A: “If I borrowed money from a relative/friend can the law firm file and obtain a bankruptcy case number by Oct 11, 2018?” ***You should ask the bankruptcy firm you’ve hired for your Chapter 13 case whether they can do this for you. “[C]ould the Legal Aid Society assist me at my settlement conference?” ***It depends on the legal aid society, whether that is a service they provide in your area, and whether they would agree to take your case. Call the Legal Aid organization in your area and find out. “Are there attorneys who would represent me at my hearing if I agreed to pay from my next social security disbursement due approximately 12 days after my hearing date?” ***Probably, as long as you assure the attorney that you will not file bankruptcy before paying the attorney. As always, you get what you pay for. Be sure to talk to a qualified attorney about your specific situation, before choosing to rely on any information you get from Internet discussion boards such as this one.
Q. I got a letter for petition of administration my cousin wants to be administrator
A: Your question is posted in the area for probate questions in Michigan. If the probate estate is being administered in Florida, you should find an attorney licensed in Florida to advise you. Perhaps you should re-post your question in the Florida law section. As always, you get what you pay for. Be sure to talk to a qualified attorney about your specific situation, before choosing to rely on any information you get from Internet discussion boards such as this one.
Q. Can I sue (small claims court) a corporation doing business in Michigan at my local district/circuit courthouse?
A: Here is the venue statute for Michigan. http://www.legislature.mi.gov/(S(mrmnjrzw5bkzjtbkhau2r4ik))/mileg.aspx?page=getObject&objectName=mcl-600-1621 It says you can sue the corporation in any county where it has a place of business, does business, or has its registered office. If none of these exists for the corporation, then you would be allowed to file in your local court for your home county. But you have to look for a county where the corporation has a place of business, registered office, or does business first. As always, you get what you pay for. Be sure to talk to a qualified attorney about your specific situation, before choosing to rely on any information you get from internet discussion boards such as this one.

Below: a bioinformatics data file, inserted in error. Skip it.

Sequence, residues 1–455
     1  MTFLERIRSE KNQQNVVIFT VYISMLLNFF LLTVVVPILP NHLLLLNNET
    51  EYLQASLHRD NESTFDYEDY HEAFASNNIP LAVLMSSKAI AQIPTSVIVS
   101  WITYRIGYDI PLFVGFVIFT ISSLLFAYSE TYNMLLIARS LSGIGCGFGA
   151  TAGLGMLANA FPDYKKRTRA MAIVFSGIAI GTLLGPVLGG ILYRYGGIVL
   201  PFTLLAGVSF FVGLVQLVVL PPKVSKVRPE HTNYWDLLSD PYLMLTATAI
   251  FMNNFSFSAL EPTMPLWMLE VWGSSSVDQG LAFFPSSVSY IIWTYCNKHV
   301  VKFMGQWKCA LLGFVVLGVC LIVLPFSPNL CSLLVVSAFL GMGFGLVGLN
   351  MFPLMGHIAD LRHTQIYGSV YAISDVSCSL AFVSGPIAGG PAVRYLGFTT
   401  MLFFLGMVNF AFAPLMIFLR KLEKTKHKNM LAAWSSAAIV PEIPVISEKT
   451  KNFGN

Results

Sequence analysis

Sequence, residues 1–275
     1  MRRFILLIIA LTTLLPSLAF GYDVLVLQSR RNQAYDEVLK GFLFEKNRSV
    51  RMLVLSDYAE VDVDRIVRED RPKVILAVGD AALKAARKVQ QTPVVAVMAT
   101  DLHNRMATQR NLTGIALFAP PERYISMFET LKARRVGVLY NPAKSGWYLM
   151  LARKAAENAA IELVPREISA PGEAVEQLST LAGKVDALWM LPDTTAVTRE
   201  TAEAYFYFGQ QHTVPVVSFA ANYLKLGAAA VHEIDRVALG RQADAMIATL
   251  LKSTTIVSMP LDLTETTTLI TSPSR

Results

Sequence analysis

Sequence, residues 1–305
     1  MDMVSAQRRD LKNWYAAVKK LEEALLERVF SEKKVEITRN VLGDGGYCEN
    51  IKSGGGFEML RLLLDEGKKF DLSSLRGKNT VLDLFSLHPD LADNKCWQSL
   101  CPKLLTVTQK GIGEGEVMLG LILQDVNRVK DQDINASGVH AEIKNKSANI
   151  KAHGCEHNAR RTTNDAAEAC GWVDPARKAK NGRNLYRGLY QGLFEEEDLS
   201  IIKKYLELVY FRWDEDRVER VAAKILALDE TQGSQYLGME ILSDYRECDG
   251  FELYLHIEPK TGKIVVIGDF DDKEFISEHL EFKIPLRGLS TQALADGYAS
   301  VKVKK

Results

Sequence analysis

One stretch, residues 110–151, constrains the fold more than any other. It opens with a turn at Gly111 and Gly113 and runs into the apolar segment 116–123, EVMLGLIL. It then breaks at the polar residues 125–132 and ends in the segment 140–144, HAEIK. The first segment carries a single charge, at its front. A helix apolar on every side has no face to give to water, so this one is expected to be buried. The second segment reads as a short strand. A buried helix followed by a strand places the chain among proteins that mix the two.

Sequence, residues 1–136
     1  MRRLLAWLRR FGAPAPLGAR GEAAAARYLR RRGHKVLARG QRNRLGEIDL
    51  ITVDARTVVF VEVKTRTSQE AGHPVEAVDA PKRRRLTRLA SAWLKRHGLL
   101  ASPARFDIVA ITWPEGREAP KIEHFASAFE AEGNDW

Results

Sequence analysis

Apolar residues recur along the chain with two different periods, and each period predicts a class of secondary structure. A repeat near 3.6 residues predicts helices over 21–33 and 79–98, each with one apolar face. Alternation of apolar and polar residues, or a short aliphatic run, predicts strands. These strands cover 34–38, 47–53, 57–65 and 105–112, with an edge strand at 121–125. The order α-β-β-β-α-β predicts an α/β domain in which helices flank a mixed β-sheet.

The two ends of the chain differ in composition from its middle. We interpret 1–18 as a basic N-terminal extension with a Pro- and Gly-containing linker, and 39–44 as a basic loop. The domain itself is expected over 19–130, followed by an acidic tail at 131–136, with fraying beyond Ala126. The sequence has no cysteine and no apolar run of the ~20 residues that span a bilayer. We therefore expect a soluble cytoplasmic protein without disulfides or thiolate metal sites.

Q. ex-employer shared files with me on my personal file sharing/ email account 15 months after I was fired. do I hv 2 gv b?
A: Although your noncompete has ended, it is likely that any confidentiality agreement that you had with the company, whether in writing or in a employee manual, still applies after termination of your employment. The information that you mentioned is recognized by Michigan law as trade secrets, and the employer would probably have a good case in court if they tried to force you to return the information. The disclosure sounds like it was inadvertent, and a judge probably would not say that the company has waived its rights by that mistake. You probably aren’t in any legal hot water for simply viewing the file, but if you copy, print, use, or further disclose it for your own or another employer’s purposes that could create legal liability for you. My advice is to return the information to the ex-employer. It was theor mistake but probably not one that caused them to lose their rights to control the use of the information. As always, you get what you pay for. Be sure to talk to a qualified attorney about your specific situation, before choosing to rely on any information you get from Internet discussion boards such as this one.
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Contact & Map
Mailing Address
P.O. Box 1054
Jackson, MI 49204-1054
USA
Telephone: (517) 240-4236
Office
404 S. Jackson St.
Jackson, MI 49201
USA
Telephone: (517) 240-4236